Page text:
Wiretap: Doing better for vets; looking at poor people
Doing Better for the Vets
Glenn Haggstrom, principal executive director in the office of Acquisition and Construction for the Department of Veterans Affairs, has resigned. Trouble has plagued construction at the 182-bed Denver VA hospital in Aurora. Project delays and overruns have been at the center of news reports and congressional scoldings for months. Calls for heads of the people in charge by the members of the Colorado congressional delegation grew after project spokespeople announced a new estimate of $1.73 billion.
Looking at Poor People
How poor are the poor? Tom Edsall asks the question and gets a variety of answers, most of them starting with “It depends.” Mostly, it depends how you measure being poor. Absolute poverty is not as bad as it used to be. Relative poverty — the distance from those at the bottom of income distribution to the middle — is clearly worse. The answer is important. And which measure you use may depend on whether you believe in the continuing need for a safety net.
But also Rural Child Poverty
This week, Colorado Children’s Coalition reported that the state’s overall child poverty rate dropped by a single percentage point in 2013 — the first decrease recorded in five years. But not all of Colorado is experiencing progress: “The economic recovery hasn’t necessarily hit our rural communities, and we certainly hear that when we go talk to folks,” president of the nonprofit Chris Watney said. Via the Gazette.
Journalist, Do Not Look Away
Journalists are tapped out on Campaign finance stories and that is not OK. The absurd corrupt and corrupting system in place is the biggest story in contemporary politics. Or as Paul Waldman puts at the Washington Post: “It’s often said that when it comes to campaign finance, the real scandal is what’s legal, and I’m sure most reporters think that’s true. So they ought to treat that story the same way they treat the rest of the things (often trivial) that we give the name ‘scandal.’”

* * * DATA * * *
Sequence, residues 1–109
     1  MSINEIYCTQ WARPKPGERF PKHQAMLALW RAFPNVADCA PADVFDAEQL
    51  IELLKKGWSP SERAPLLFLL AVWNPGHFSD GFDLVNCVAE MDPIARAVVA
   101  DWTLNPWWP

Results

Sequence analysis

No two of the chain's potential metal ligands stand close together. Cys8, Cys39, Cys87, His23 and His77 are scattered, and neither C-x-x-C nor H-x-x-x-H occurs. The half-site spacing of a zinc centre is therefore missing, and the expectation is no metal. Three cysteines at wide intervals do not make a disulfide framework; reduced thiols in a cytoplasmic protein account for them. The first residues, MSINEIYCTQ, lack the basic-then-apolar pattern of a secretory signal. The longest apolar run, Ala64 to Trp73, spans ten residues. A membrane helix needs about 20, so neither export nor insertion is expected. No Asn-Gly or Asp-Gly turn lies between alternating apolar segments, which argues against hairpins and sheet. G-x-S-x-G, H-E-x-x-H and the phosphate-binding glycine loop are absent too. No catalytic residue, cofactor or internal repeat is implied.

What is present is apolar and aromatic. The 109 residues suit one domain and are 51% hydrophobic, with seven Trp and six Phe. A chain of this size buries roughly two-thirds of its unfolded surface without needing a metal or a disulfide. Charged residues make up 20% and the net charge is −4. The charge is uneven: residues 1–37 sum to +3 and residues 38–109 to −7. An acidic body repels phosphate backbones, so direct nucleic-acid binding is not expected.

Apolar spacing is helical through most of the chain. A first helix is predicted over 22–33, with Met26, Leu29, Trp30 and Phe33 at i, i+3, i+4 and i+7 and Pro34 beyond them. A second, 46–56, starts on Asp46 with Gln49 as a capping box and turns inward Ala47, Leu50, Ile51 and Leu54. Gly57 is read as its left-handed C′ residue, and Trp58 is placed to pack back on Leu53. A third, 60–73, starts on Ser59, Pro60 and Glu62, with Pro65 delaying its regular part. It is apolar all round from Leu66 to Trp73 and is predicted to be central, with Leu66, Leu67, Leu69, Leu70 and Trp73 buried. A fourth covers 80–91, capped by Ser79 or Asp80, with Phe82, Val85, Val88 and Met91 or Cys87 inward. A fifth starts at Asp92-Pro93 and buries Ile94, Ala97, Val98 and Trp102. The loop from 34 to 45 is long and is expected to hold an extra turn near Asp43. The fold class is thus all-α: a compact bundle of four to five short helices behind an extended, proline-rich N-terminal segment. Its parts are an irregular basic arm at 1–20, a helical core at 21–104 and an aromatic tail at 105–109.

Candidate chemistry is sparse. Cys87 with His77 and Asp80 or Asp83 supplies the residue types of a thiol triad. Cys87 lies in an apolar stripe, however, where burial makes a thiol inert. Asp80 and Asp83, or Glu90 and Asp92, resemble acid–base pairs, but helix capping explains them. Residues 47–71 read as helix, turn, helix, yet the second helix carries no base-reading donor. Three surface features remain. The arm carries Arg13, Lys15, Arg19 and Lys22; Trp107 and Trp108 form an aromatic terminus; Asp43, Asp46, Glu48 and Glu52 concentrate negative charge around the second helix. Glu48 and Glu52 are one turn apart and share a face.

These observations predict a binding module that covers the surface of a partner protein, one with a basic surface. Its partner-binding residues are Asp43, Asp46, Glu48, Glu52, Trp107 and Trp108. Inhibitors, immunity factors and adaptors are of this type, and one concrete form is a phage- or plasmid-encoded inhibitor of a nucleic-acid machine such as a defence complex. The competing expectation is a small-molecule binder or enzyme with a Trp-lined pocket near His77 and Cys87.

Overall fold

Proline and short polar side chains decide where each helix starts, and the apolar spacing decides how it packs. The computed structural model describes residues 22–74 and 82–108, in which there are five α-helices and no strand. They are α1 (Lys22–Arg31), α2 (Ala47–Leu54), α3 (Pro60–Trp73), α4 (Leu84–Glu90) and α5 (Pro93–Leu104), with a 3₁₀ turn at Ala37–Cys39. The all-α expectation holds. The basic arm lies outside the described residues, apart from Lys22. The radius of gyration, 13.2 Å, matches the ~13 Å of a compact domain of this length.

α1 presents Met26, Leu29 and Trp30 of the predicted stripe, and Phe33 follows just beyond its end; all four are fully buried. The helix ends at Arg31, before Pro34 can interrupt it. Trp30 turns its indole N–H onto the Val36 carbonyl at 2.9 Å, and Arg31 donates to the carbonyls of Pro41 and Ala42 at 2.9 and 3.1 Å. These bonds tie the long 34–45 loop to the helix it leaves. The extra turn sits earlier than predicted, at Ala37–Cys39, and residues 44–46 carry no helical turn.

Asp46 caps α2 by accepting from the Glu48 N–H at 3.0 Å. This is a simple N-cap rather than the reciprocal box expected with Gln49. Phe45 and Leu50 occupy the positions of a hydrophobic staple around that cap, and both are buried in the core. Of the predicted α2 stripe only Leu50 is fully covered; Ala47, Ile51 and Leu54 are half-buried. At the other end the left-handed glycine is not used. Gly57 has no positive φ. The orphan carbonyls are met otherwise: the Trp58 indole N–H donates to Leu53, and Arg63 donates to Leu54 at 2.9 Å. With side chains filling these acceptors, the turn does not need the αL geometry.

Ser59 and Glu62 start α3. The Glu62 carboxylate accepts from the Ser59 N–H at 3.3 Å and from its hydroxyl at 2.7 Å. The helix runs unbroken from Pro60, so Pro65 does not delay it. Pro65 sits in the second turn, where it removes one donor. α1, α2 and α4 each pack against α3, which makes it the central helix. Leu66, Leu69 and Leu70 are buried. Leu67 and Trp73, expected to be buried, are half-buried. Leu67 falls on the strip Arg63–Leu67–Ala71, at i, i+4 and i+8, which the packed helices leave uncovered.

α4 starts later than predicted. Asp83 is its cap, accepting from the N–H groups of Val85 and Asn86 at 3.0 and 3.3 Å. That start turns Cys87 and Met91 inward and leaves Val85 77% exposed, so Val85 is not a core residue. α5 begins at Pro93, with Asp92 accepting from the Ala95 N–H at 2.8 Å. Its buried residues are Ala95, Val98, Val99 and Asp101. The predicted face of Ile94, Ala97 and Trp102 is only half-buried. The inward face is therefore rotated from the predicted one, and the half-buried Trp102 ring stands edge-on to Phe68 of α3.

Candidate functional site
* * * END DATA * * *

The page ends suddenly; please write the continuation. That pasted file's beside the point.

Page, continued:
From Childhood to Death… in Prison
Boulder County District Attorney Stan Garnett is breaking ranks with the Colorado District Attorneys’ Council by publicly backing Rep. Daniel Kagan’s recently introduced bill that would give judges in the state reduced sentencing options for juveniles convicted of Class 1 felonies. In 2012, SCOTUS ruled that mandatory life sentences for juvenile offenders is unconstitutional, yet there are still around 50 people in Colorado prisons doing life for crimes they committed as teenagers. This bill would make those inmates eligible for re-sentencing, which Garnett calls a “step in the right direction” but which CDAC executive director Tom Raynes calls too severe and aggressive. Via the Daily Camera.
Way Off Track
Bad train week in Weld County: A coal train en-route to La Junta derailed Sunday near the town of Hudson in eastern Colorado, spilling tons of coal and damaging part of the track. Not more than a day later, a Union Pacific train carrying fertilizer pellets partially derailed near Highway 85. Investigations are ongoing. Photos of the first via FOX31 and of the second via the Coloradoan.
More Leaning on Activist Judges
Republicans may actually be beginning to put together a plan to replace Obamacare. The first part of the plan begins – where else? — in the Supreme Court. Via the National Journal.
Why the Army is charging ex-POW Bowe Berghdal with desertion: According to the Atlantic, it was either a court-martial or an honorable discharge. That doesn’t mean Berghdal will end up being court-martialed.
The Cruz Plan
E.J. Dionne: Ted Cruz knows what he’s doing. He’s going hard after the conservative vote. And if it works out for Cruz, it’s bad news for Scott Walker and very good news for Jeb Bush. Via the Washington Post.
It’s Not Personal, Bibi
It’s not Obama vs. Bibi. It’s Obama’s policies vs. Netanyahu’s policies. And apologies won’t help. Via the New Yorker.
No Name Cops
Arizona Gov. Doug Ducey has to decide by Monday whether to sign a bill that would keep the names of cops involved in serious shootings confidential for 60 days. Even in Arizona this is controversial. Via New York Times.
Fossil Fuel Break
Costa Rica went 75 days without using any fossil fuels for electricity. Which doesn’t mean that larger, richer countries could do the same. Via Vox.
Photo by DVIDSHUB via Flickr.
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